Sunset Overdrive infuses the apocalypse with optimism
There’s a weird energy to Sunset Overdrive, a video game coming this fall from Insomniac Games. It’s bright and whacky, and after playing it for about an hour I was left with the kind of exhausted excitement I remember having after spending an afternoon with a toddler.
I got a chance to sample the game during a press event in early April at Insomniac’s studio in Burbank, California. The Xbox One exclusive puts players in the guise of a hero in Sunset City as society collapses. The game is about wielding crazy weapons while rapidly traversing an environment using parkour and skateboard movements.
It might be the end of days, but as creative director Marcus Smith said during his opening remarks to media, for the player it’s more like the “awesomepocalypse”. Smith also mentioned that both he and game director Drew Murray became fathers around the time when development on Sunset Overdrive began.
Which helps to explain why the apocalypse the two men helped create in Insomniac’s Resistance 3, which had a palette of browns and greys, is so different from the brightly-coloured end of days in Sunset Overdrive.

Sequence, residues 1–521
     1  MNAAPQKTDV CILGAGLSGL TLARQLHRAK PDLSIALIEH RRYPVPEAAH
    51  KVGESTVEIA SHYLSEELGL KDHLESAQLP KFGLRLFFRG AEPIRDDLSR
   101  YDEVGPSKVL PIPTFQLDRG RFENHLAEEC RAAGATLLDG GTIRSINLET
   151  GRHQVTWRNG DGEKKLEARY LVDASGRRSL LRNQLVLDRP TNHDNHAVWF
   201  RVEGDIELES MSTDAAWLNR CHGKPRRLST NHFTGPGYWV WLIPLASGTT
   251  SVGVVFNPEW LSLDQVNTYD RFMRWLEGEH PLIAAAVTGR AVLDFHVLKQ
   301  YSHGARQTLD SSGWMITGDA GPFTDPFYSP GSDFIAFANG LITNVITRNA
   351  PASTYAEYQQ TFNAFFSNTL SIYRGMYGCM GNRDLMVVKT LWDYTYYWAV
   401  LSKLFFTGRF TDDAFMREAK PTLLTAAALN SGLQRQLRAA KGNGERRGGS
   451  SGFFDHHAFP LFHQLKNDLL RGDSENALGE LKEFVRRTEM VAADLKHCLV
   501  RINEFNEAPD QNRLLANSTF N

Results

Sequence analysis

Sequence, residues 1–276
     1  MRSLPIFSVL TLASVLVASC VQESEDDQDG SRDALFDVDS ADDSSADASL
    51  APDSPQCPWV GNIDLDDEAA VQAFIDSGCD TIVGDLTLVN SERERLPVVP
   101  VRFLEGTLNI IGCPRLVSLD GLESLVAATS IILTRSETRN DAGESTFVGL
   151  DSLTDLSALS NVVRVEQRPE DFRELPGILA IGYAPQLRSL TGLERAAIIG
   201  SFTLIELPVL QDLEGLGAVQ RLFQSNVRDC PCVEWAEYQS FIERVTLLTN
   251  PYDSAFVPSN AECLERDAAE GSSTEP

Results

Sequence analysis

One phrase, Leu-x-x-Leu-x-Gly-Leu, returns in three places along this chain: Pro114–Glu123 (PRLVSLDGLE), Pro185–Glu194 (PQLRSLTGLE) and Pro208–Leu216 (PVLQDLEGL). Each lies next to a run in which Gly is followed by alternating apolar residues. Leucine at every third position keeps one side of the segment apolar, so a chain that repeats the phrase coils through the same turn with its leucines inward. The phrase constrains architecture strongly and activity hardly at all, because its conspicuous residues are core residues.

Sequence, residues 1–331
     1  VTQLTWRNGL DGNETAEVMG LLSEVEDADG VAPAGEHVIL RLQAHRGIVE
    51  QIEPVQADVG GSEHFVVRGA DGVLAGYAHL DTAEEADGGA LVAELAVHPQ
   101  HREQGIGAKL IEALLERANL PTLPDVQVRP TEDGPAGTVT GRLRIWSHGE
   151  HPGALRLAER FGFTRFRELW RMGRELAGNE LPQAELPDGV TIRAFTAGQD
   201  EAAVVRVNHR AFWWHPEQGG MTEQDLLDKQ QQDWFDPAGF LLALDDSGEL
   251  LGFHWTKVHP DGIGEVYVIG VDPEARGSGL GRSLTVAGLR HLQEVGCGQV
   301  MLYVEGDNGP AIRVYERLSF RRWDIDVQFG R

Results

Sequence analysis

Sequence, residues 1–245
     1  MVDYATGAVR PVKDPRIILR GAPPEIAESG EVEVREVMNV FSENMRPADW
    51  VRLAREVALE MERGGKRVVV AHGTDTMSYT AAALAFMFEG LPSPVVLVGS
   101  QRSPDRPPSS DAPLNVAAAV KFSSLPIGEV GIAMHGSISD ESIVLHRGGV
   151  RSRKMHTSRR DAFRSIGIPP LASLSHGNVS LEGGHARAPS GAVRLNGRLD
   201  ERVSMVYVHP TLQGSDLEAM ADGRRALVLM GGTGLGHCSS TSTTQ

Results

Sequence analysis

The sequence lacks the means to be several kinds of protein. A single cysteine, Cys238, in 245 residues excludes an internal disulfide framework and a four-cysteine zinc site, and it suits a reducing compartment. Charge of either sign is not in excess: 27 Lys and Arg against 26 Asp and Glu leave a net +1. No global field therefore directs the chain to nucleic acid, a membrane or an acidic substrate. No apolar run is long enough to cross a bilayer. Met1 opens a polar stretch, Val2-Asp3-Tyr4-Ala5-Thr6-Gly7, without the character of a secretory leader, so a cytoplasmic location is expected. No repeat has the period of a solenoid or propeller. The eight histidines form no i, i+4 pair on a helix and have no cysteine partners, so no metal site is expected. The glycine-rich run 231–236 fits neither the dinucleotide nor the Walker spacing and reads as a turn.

In an interview with the Georgia Straight, Smith admitted that becoming a father was a factor. “I think it definitely has an impact. During the Resistance days we were preoccupied with the end times. And I think a lot of that has to do with the preparation. It's a huge, life-changing event to have a kid.”
Murray added that they were in the final days of development on Resistance 3 when they were coping with the sleep deprivation that comes from raising a newborn. He called it being “in the drudgery”.
“And then around one or one and a half they’re giving back, and they are out there and they are discovering the world. And it’s fun,” said Murray. That joy, he said, went into Sunset Overdrive.
Straight editor Charlie Smith once told me that having children is an expression of pure optimism. At the time, I was a few months away from becoming a father, but now that I’ve got a few—okay, seven—years behind me, I appreciate what he was saying.
A father has a different view of the world. “You look at the world differently because now you're seeing it through the eyes of a kid,” agreed Insomniac’s Marcus Smith.
When he visited Disneyland as a college student he couldn't help but be jaded and cynical. But he’s since taken his young daughter and admitted to loving it. “Because I'm there with someone who really is enjoying it for the first time.”
“The world is how you look at it,” said Murray. “When you have a kid, everything is new again. As an adult, you have a choice of how you see the world.”
And how to build the virtual worlds that we play in.